In recent times, liberal scholarship and its use of the Critical Text and Biblical languages to undermine the historically received Biblical texts and the King James Version of the Bible has met with a strong backlash from Christians who hold to a Biblical position of inspiration and preservation. This backlash, while rightfully denouncing the apostate scholarship that seeks to discredit the doctrine of perfect preservation, has in some camps swung to an extreme position of denying the need for the use of the Biblical language study. One obvious and often dangerous fruit of this knee-jerk reaction has been the embrace of incorrect doctrines and interpretations of Scripture that stem from only considering the English words of the Common Version without further study of their varied senses against the underlying Biblical language text.

Through the influence of the ravings of KJV-inspirationists such as Peter Ruckman and Gail Riplinger, even the use of lexicons (foreign-language dictionaries) has been labelled toxic or dangerous. One wonders which English language dictionary was produced by either Christians with impeccable doctrine (the Oxford English Dictionary was not), or even by inspiration of God. While we await the production of such a dictionary, it may be beneficial to consider the historic Baptist position on the benefit and importance of the study of the Biblical languages, a position that necessarily arises from a proper theology concerning the preservation of Scripture.

We trust that the list that follows will encourage the saints of God (and in particular, the ministers of the Lord's churches) to see the value of the study of the Biblical languages. Resources for studying the Biblical languages from a believing basis (as opposed to textual criticism) may be found [here] and [here].

Notable Baptists who encouraged the study of the Biblical languages:

Felix Mantz (died, 1527)

Mantz lived around the same time as the Reformer Zwingli. Mantz was eventually drowned for his refusal to repent of his adherence to Scriptural baptism.

“He was baptized by Blaurock, a companion in suffering, and in the fields and woods, as occasion offered, with the Hebrew and Greek scriptures in his hand, he expounded the word of God to the people who flocked to hear him.” Tieleman Janszoon Van Braght, A Martyrology of the Churches of Christ, Commonly Called Baptists, During the Era of the Reformation, ed. Edward Bean Underhill, vol. I (London: Hanserd Knollys Society, 1850), 15.

Van Braght also mentions, in passing, a man named Lodovicus, also proficient in the Biblical languages, who was martyred in 1529. - Van Braght, A Martyrology of the Churches of Christ, Commonly Called Baptists, During the Era of the Reformation, I:97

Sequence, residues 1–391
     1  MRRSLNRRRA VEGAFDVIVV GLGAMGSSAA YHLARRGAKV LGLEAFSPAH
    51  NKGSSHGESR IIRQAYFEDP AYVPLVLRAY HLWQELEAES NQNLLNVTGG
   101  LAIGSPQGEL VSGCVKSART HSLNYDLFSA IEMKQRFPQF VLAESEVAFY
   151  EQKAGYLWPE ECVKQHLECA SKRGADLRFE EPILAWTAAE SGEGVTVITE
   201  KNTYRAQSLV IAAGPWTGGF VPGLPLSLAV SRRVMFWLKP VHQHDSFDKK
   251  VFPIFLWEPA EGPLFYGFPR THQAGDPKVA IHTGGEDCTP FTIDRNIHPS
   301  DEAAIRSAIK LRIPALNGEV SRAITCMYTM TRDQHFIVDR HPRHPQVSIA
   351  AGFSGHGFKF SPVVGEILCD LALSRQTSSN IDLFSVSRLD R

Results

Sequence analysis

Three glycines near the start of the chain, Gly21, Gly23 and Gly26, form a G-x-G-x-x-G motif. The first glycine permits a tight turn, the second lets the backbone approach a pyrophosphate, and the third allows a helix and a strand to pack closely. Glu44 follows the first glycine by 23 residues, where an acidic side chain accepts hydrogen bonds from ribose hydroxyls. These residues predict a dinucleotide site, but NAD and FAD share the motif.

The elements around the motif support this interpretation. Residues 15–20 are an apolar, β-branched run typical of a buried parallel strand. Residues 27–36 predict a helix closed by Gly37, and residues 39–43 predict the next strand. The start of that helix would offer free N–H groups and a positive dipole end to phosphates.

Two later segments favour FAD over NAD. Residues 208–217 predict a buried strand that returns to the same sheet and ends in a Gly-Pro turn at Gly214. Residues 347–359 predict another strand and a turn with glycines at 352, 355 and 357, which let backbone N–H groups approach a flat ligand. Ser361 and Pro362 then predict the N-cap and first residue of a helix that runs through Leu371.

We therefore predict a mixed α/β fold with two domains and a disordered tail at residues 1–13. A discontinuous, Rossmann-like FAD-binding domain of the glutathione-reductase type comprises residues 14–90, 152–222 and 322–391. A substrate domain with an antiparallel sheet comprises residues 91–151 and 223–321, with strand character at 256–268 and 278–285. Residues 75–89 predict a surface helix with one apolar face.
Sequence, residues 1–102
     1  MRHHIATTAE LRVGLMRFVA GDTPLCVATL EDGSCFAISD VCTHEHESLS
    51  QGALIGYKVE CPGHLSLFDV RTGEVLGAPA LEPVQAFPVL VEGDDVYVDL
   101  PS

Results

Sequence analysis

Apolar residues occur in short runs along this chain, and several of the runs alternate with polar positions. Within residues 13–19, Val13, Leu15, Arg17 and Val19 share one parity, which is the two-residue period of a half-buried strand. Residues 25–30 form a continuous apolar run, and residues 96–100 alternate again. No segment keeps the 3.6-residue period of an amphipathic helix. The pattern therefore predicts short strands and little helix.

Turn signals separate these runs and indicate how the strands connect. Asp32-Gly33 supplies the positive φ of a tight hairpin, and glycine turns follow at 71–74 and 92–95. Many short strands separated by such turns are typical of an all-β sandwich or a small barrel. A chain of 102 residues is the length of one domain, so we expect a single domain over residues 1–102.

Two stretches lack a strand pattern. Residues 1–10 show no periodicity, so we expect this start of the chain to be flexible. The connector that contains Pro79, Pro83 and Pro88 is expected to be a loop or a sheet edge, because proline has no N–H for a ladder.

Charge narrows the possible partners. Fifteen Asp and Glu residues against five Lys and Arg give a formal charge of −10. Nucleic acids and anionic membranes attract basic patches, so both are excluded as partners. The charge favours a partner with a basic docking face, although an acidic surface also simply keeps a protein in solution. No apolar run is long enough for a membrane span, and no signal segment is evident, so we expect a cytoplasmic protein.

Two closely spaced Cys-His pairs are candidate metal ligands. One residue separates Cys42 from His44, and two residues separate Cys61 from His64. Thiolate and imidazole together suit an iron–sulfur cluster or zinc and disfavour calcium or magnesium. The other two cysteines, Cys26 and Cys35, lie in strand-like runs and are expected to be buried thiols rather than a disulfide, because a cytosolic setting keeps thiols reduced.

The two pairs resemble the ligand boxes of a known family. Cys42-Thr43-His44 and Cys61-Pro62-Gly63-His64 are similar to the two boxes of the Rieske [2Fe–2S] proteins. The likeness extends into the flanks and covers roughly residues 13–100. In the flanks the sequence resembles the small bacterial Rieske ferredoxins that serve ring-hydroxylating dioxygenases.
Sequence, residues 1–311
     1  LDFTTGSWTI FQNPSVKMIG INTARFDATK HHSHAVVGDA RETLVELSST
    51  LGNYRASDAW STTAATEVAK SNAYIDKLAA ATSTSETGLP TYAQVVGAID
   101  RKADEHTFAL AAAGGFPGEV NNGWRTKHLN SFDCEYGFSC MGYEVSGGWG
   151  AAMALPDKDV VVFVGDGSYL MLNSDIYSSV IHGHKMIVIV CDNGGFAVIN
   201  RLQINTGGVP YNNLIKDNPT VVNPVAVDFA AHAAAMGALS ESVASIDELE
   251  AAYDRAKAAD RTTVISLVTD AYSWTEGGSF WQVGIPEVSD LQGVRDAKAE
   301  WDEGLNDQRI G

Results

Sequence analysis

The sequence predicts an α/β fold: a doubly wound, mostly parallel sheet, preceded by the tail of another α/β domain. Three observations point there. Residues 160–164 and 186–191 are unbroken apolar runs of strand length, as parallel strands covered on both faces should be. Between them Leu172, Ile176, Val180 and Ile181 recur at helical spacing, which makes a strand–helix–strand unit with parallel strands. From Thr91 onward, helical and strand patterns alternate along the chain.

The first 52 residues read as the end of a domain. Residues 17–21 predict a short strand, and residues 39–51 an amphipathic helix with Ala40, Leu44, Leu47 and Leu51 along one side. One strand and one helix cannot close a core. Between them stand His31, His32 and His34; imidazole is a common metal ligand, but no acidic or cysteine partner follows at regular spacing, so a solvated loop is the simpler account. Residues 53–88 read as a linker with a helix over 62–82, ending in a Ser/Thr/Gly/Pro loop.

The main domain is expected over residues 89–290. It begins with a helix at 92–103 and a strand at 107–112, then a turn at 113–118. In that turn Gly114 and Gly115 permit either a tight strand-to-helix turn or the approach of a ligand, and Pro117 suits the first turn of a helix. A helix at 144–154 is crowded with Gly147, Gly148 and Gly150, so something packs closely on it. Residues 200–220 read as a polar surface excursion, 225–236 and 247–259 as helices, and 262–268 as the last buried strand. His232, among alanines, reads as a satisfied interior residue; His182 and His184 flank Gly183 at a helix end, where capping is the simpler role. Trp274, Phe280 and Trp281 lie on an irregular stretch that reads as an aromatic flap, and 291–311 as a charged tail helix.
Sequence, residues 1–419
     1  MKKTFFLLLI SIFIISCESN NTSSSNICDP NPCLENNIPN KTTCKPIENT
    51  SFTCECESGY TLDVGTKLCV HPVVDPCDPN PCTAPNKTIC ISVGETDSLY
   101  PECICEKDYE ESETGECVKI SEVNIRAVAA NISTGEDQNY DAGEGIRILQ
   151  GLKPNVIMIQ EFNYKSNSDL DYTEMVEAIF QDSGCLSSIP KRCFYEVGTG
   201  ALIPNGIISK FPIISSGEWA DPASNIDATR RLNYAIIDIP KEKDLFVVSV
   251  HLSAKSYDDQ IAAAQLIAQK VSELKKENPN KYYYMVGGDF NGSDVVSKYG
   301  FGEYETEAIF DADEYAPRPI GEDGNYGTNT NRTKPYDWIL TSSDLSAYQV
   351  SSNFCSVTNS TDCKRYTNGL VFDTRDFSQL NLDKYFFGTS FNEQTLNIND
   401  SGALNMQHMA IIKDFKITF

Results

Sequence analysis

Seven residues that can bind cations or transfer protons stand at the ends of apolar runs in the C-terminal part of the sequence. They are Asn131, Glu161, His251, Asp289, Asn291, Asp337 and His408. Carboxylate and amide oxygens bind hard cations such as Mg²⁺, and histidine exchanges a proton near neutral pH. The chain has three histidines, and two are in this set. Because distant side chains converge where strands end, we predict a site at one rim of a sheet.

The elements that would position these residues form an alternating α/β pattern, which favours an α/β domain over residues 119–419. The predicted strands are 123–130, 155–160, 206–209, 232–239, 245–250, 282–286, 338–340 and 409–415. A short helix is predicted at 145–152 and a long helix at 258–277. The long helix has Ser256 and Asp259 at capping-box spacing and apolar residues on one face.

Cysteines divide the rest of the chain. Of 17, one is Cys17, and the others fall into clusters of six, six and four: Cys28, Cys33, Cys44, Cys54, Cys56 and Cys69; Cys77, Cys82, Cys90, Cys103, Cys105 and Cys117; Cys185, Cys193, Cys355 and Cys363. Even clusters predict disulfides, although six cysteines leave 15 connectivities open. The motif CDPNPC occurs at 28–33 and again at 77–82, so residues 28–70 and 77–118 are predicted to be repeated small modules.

Henry Jessey (1601-1663)

Through the influence of Hanserd Knollys, Jessey left the Episcopal church in England, was Scripturally immersed in 1645, and went on to pastor a Baptist church in London.

“Much of his time was spent in translating the Bible into English, a work for which he was well qualified by his familiarity with the original languages in which the Bible was written. His habit was to carry about with him his Hebrew and Greek Testaments, calling the one, his ‘sword and dagger,’ and the other, his ‘shield and buckler.’” Richard B. Cook, The Story of the Baptists in All Ages and Countries (Greenwood: The Attic Press, Inc., 1884), 110.⁠

John Clarke (1609-1676)

John Clarke was one of the earliest Baptist preachers in New England. 

“One of Dr. Clarke's biographers states that ‘he attained high repute for ability and scholarship in languages, including Latin, Greek and Hebrew, law, medicine and theology.’” Thomas W. Bicknell, Story of Dr. John Clarke (Providence: Bicknell, Thomas W., 1915), 41.⁠

Vavasor Powell (1617-1670)

“Another victim of the persecutors of those times, was Vavasor Powell, who is called the ‘Whitefield of Wales.’ He was born in 1617, was learned in the languages, and while a young man received ordination as a minister of the Episcopal Church and for awhile officiated at Clem. He confessed afterwards his unfitness for the sacred office, because he slighted the Scriptures and was a stranger to secret and spiritual prayer, and a great profaner of the Sabbath. One day as he was preaching on the Sabbath, a Puritan rebuked him which led him to be concerned for his soul. He was afterward converted and joined the nonconformists, being baptized on profession of his faith in 1636, and finally became a Baptist minister.” Cook, The Story of the Baptists, 132.⁠

The General Assembly of Particular Baptists (1689)

These churches met together and agreed to create a fund dedicated to training men with a desire to learn the original languages of Scripture

“The fund was further devoted to ‘Assist those members that shall be found in any of the churches that are disposed for study, have an inviting gift, and are sound in fundamentals, in attaining to the knowledge and understanding of the languages, Latin, Greek and Hebrew.’“In replying to a number of questions it was affirmed that it was an unquestionable advantage: ‘For our brethren now in the ministry, to obtain a competent knowledge of the Hebrew, Greek and Latin tongues, that they may be the better capable of defending the truth against opposers.’” John Tyler Christian, A History of the Baptists (Nashville: Sunday School Board of the Southern Baptist Convention, 1922), 323.⁠

William Collins (????-1702)